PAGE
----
Once pomelos are received, middleman starts loading the fruits that have been waxed to a container. For traceability to work, middleman must work in one container at the time. Clearly, middleman can get fruits from different collectors. The middleman also keys in harvesting collector ID, type, size, number of boxes, container ID, and exporter ID to the system. After buyer receives the container full of pomelo, buyer enters container ID and client ID (i.e., same number as exporter ID the middleman keys in) in to the system.
To trace backward, when there are problems with the fruits, buyer tracks back one step down and find out where the container came from. Exporter gets notified and track back to which middleman is responsible for packing pomelo in to the container. Middleman then locates the harvesting collectors that shipped pomelo to him. Harvesting then look at all harvest events since last stock empty before shipped to middleman during that time. Even with all these steps, it may not allow us to trace back to the exact pomelo grower. We can only narrow down to the last group of growers that the harvesting collector brings together in one lot size.
The above process may not seem a big deal, but to get the collaboration among the stakeholders is a difficult task. Everyone who participates in the traceability pilot project likes the idea of traceability, but without requirement from exporters or the government enforcement, the traceability may not work. Most of harvesting collectors do not want to reveal where they get their products from. Lack of trusting other partner is also the issue here. Longer term, it would require lots of effort from government, exporters, middlemen, collectors in order to make the traceability system work well. Figure 2 demonstrates how the traceability works.

Choosing the right equipment for traceability is a personal choice. Problem is, convincing farmers, collectors, middlemen and exporters to buy other equipments such as personal computer or notebook and carry them around for input data may be difficult. Today, mobile phone in Thailand is reasonably priced allowing anyone to have access to it.
The General Packet Radio Service (GPRS), a mobile data service available to users of GSM mobile phones, is required for downloads and installs traceability program to the mobile phone. The mobile phone weakness is in the keyboard. Even though, it is difficult to type quickly or accurately on a keyboard that is very small. The ease of carrying the input device for traceability that is small, inexpensive, and many already have them allow the traceability to be effectively managed.
A competitive strategy on traceability implementation in the Thai fruit supply chain through Mobile Phone

Figure 2: How traceability works

It is not hard to see why running traceability on the mobile phone is clearly more attractive to the farmer, harvesting collector, middleman, and exporter than carrying around other equipments. While traceability is important, not all data are essential to make the system work well. The required data are farmer ID, middleman ID, Stock empty, collector ID, container ID, and Client ID. Other data such as quantity, weight, type, size, and price are less crucial but also relevant. For successful traceability to occur it is also important that the data input is kept at minimum level. Figure 3 depicts trace form on mobile phone screen.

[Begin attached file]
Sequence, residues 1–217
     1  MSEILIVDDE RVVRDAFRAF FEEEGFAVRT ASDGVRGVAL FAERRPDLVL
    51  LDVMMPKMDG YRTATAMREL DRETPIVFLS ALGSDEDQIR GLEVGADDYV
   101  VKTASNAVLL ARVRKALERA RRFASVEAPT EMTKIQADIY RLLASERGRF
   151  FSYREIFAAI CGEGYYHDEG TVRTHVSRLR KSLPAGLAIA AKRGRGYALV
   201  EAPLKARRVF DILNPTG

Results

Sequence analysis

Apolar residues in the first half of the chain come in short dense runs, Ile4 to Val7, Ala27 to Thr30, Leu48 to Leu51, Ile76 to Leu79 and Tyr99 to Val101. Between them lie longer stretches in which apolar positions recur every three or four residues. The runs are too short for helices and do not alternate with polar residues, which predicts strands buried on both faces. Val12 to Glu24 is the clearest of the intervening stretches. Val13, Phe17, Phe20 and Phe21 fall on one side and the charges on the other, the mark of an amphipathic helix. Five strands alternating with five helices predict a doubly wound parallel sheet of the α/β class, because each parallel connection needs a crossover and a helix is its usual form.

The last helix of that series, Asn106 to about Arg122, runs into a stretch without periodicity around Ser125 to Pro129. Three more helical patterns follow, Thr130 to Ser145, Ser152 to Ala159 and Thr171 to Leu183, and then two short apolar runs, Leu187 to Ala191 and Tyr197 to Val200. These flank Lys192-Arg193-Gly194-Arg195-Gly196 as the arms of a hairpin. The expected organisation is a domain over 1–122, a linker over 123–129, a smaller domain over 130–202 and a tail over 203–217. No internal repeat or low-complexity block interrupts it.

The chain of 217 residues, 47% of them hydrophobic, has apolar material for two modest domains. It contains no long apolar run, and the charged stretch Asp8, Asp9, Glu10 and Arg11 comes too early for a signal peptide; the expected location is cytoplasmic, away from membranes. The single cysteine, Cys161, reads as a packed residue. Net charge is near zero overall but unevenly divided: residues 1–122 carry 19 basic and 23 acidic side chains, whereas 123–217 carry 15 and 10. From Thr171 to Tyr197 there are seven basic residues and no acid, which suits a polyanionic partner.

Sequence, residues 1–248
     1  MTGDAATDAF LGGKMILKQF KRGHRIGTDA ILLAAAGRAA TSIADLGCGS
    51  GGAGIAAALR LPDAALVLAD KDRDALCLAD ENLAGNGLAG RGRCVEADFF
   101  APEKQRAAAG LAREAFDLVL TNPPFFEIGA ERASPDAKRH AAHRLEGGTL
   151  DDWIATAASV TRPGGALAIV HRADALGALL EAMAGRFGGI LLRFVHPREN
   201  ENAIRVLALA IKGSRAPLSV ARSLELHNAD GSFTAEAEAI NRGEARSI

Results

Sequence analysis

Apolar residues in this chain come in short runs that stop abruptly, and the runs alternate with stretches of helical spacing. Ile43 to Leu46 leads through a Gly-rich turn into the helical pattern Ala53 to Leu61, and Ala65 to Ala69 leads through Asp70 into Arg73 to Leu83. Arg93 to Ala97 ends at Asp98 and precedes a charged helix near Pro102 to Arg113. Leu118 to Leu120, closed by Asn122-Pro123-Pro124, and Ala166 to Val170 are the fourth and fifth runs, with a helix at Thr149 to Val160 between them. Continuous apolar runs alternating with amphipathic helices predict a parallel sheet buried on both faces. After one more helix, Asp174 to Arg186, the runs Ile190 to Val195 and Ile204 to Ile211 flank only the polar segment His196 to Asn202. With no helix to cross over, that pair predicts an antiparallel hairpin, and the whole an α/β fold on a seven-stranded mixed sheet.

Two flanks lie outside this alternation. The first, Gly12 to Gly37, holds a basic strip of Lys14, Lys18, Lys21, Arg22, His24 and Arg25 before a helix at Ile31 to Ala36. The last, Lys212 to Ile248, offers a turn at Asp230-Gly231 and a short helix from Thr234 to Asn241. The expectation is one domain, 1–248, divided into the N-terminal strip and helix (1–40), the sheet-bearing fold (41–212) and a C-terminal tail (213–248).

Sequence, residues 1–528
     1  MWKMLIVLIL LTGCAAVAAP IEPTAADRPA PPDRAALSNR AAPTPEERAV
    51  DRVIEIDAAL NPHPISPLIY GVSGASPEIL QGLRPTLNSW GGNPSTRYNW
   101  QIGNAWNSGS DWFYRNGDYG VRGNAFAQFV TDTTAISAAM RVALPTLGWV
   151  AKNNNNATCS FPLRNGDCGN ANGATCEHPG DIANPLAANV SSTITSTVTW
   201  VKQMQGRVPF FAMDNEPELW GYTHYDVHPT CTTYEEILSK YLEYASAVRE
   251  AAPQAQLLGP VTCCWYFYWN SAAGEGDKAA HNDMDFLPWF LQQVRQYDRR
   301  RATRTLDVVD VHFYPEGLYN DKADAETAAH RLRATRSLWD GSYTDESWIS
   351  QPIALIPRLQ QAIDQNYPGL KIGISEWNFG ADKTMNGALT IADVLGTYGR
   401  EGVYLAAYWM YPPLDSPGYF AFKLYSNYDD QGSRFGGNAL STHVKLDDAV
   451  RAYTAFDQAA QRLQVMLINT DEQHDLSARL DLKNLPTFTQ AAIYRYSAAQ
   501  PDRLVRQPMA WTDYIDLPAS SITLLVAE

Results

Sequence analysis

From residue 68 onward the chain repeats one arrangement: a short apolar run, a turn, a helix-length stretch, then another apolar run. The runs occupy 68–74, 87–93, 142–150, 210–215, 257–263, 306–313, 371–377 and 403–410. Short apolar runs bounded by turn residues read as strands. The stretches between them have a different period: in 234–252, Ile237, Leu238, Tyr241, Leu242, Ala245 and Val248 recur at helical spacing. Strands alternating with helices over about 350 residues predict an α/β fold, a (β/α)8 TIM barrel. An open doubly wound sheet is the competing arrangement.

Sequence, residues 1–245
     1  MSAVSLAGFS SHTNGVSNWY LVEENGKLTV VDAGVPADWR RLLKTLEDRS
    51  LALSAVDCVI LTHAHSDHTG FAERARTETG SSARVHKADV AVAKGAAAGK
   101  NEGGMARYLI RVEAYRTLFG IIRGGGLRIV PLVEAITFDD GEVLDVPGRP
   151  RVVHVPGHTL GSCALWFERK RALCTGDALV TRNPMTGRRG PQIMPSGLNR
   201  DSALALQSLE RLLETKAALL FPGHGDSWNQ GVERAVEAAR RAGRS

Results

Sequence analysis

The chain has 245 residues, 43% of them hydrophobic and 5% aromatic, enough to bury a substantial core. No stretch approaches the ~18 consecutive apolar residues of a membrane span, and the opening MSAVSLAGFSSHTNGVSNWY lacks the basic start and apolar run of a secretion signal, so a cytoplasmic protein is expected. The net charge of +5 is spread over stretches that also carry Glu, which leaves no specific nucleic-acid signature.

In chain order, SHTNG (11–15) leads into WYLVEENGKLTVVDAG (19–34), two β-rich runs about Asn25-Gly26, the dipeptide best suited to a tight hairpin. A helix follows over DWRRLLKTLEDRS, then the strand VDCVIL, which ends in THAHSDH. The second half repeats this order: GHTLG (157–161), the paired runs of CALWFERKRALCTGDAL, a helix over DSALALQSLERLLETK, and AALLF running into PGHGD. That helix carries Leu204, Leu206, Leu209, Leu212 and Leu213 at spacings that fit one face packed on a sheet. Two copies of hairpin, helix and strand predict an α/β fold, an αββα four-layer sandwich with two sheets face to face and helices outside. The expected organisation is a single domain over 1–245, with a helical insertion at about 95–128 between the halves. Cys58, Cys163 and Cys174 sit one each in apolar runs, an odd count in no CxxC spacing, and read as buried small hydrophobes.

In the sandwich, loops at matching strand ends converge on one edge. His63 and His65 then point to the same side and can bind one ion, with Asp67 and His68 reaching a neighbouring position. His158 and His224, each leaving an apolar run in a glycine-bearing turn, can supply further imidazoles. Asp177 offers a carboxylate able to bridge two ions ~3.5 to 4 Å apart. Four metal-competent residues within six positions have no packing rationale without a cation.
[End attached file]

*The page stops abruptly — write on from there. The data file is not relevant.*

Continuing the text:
A competitive strategy on traceability implementation in the Thai fruit supply chain through Mobile Phone

Figure 3: Trace form on mobile phone screen

Traceability can not only conform to the international requirements but also help to increase value in food safety and quality assurance, gain customer trust, and keep records to carry out the well-founded opportunity for the Thai farmers. Perhaps there are still some stakeholders who do not feel comfortable about traceability. The barrier to resistant is lack of understanding about traceability. One thing is certain, without government intervention, traceability may not work effectively. The process of putting up the traceability is viewed as a series of stages that are visit participants and explain the importance of traceability, fill in paper registration from to keep the record of participant, confirm technical specification of participant’s mobile phone, send Short Message Service (SMS) with download instructions to participant, participant downloads and installs the traceability system in to mobile phone, and finally participants start using the system.
In boosting for more fruit export, traceability can help control quality and create the foundations for partnerships among farmers, harvesting collectors, middlemen, and exporters. Buyers develop more trust and confidence due to increase access to information. Traceability adds value to the products allowing exporters to use the information about products extend strategy and find more oversea companies to start doing business with them.

Our findings are also similar to what Pinto, Castro and Vicente (2006) has discussed. Traceability can work properly based on pen and paper versions but they are time when technology that is user friendly can help reduce paperwork, eliminate redundant, and increase accuracy. Some might argue that there are several technologies such as computer, handheld device (i.e., Palm or pocket PC) that have bigger screen would be more suitable in term of data entry than the mobile phone. However, price and availability of the mobile phone make it easier for farmers, harvesting collectors, middlemen, and exporters to participate in the traceability system.
The success of traceability will take time. Everyone needs to work together for years and years before the traceability concept is well understood by all stakeholders. Getting people involved with the system is not an easy task. The success of traceability comes down to the people, the trust, the exchange of information, and what value stakeholders place on it.